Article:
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Once upon a time there was a promising directer by the name of Peter Berg, an intelligent man, it would seem, on the back of such movies as the darkly comic Very Bad Things, sporting opus Friday Night Lights and political thriller The Kingdom. It was around the time of his making The Kingdom, in fact, that he was touted as the next Michael Mann. That pedigree, however, is totally absent during Battleship, a $200 million SFX money grabbing bonanza that somehow has less soul than Michael Bay’s Transformers output.

Taylor Kitch is Lieutenant Hopper, social reprobate and all round fuck-up who enlists in the US Navy on the behest of his brother (Alexander Skarsgård). During a training exercise, Kitch and crew are forced to battle it out with a hostile alien race who, for reasons that are never explained, are out to destroy the world.

There’s no denying that every penny of the film’s mega-budget is on screen. Once the first battle with the antagonists starts there is rarely a moment where CGI gun porn isn’t present and accounted for. As expected, things explode in a suitably loud and obnoxious fashion whilst our grizzled heroes bark orders and spew one-liners. To expect anything less from a film based on a toy franchise defeats the point, and for those in the audience under the age of twelve, it will likely be the greatest movie they’ve ever seen.

For the rest of the audience, however, once the action starts, it becomes apparent that all notions of story, character or coherence are jettisoned in place of the next ejaculatory money shot. Noisy action, unless grounded by a plot or characters that you care about is just that: noisy action. Is it too much to ask to have a human element to the carnage, a cause where the stakes are high enough for there to be legitimate tension? Even Transformers features the underlying story of the geeky kid buying his first car. The ‘end of the world’ motif has no weight when the principals are faceless archetypes, nameless fodder whose sole purpose is to react when things inevitably blow up.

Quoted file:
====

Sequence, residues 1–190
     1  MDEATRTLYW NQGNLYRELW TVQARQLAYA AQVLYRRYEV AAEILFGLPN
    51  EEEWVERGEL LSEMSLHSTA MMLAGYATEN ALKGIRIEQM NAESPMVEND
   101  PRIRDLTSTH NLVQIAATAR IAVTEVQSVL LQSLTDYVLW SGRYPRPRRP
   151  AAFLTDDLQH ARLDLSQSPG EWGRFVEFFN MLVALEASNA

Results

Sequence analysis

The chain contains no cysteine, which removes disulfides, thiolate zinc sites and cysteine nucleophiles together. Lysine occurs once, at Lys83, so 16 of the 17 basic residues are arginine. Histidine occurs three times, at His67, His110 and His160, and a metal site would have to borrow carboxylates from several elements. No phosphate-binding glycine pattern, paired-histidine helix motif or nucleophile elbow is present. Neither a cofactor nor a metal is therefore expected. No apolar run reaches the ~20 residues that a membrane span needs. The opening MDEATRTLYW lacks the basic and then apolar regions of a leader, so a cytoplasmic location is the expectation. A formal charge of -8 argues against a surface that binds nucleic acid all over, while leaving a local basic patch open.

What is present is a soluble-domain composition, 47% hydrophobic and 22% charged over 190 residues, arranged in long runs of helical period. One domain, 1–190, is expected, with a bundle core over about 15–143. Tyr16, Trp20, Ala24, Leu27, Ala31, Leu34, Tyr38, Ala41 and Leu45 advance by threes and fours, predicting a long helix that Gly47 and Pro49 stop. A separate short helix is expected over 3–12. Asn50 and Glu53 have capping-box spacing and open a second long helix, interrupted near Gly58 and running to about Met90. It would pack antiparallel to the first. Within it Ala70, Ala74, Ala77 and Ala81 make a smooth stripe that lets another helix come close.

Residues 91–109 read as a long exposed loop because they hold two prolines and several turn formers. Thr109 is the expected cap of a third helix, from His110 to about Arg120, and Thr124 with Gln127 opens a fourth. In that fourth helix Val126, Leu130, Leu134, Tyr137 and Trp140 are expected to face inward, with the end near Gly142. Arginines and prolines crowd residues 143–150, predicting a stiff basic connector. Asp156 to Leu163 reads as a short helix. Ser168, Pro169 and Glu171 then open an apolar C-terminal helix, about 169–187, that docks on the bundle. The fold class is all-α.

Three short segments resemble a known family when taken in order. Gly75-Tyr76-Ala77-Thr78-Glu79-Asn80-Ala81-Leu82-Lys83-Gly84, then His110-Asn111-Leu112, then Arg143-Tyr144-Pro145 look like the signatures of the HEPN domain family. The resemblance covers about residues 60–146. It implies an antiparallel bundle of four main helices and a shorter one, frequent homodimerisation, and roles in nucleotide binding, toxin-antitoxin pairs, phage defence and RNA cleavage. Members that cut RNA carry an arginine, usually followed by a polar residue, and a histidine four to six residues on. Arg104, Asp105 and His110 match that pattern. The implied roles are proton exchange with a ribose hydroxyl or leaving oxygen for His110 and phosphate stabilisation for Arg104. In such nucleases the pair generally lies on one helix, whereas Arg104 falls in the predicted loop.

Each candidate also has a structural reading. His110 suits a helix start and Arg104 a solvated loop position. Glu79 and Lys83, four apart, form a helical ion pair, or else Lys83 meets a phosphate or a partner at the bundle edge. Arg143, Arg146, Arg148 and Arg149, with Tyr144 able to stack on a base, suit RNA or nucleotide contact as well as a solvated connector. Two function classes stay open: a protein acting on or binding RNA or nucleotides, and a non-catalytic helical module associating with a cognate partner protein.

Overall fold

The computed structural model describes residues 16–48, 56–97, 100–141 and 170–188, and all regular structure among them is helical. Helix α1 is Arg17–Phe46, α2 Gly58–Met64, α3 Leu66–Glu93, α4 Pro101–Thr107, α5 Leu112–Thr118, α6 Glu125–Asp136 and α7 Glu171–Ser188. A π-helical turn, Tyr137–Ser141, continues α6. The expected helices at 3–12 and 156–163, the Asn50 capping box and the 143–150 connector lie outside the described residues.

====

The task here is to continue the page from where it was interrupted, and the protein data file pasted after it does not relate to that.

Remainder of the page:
It is easy to lambast a movie such as this for being soulless, yet with Peter Berg at the helm, a man who has proven he can mix noisy action with rounded characters and, dare it be said, an element of intelligence, the faults with Battleship become depressing. One would like to think that, given Berg’s track record thus far (excluding Hancock, another effects heavy snooze-fest), there is a delirious knowing here, a parody on blockbuster genre conventions which will explain how flat-out stupid this film is at times. It is clear that, given the film’s budget, Berg has a blast squeezing in as many ludicrously OTT effects shots as he can but after a two-hour-plus barrage of relentless flashy visuals and deafening noises, Berg and co seem more interested in pummeling the audience into submission than engaging them.

If anything, Battleship, much like Battle Los Angeles, works like a shitty video game being played badly by an incompetent gamer. There’s no fun involved, only frustration. The visuals are sometimes impressive yet its problems are too big to be covered up by fit inducing money shots and excessive banging. Beat yourself over the head with a frying pan for two hours whilst having a friend scream loudly in your ear – it will deliver the same painful experience.

A hot contender for the loudest movie of the year, 2012.

 

Best scene: Anything with Liam Neeson. The man is given too little screen time.

Best line.: ‘Lets see if we can’t buy earth another day’. ‘…Who talks like that?’

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